WRC - Soloman Howard has something in common with the street people living at the entrance to Washington D.C.'s Kennedy Center.

He was once homeless himself.

Howard plays a pivotal role in the Washington National Opera's revival of "Don Giovanni".

He grew up only a few miles away, in a poor family.

"I'm from southeast D.C., so I grew up seeing rough things, neighborhoods that were very bad," he says. "I witnessed my first murder, when I was about seven."

Howard was the oldest of seven children.

Despite his family's best efforts, they lost their home.

"Stayed with families, sometimes walked the streets until we could find something...ate off of the food trucks, Salvation Army," he recalls. "So, there was a lot that I went through as a child and I believe a lot of these things and experiences have made me stronger."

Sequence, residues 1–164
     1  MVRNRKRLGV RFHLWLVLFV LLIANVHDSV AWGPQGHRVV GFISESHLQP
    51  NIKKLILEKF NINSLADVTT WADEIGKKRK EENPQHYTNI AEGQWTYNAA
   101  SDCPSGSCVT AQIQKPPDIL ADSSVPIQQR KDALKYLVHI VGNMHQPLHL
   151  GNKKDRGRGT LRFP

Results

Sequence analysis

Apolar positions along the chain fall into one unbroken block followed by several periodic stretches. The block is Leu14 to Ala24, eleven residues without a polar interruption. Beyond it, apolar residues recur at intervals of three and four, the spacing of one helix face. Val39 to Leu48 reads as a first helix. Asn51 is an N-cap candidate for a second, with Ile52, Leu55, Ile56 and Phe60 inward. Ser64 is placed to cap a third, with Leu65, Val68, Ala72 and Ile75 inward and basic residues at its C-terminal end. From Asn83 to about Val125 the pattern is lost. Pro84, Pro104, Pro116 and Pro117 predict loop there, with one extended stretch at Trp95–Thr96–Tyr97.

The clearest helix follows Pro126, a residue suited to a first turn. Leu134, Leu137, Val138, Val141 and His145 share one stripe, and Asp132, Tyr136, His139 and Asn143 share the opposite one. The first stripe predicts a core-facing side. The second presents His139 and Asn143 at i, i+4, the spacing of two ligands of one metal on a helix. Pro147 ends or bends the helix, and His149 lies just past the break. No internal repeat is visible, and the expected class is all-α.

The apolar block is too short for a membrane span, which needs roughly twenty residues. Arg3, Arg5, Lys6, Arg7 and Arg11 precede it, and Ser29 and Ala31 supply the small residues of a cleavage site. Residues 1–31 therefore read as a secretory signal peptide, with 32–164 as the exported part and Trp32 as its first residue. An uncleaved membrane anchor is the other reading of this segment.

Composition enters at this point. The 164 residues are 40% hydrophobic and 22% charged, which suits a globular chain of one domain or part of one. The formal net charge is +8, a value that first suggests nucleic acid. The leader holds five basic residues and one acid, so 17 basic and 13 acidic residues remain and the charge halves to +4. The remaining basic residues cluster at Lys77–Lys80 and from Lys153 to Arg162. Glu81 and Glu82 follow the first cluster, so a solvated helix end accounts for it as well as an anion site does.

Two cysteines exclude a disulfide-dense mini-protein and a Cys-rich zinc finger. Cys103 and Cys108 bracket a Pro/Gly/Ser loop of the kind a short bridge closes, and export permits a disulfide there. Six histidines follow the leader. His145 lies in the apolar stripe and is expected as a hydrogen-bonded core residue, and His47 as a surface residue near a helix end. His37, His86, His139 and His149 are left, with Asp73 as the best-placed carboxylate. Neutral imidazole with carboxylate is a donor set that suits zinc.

It was a high school teacher that recognized his talent, which he then developed at Morgan State University, where he was given a full scholarship to sing in the choir and travel the world.

Now he's performing at the Kennedy Center, hoping that his hardships growing up will inspire others.

"This is my hometown, and I've often said this is the place where I was birthed. So for my career to be birthed in the same place means the world to me," Howard says.

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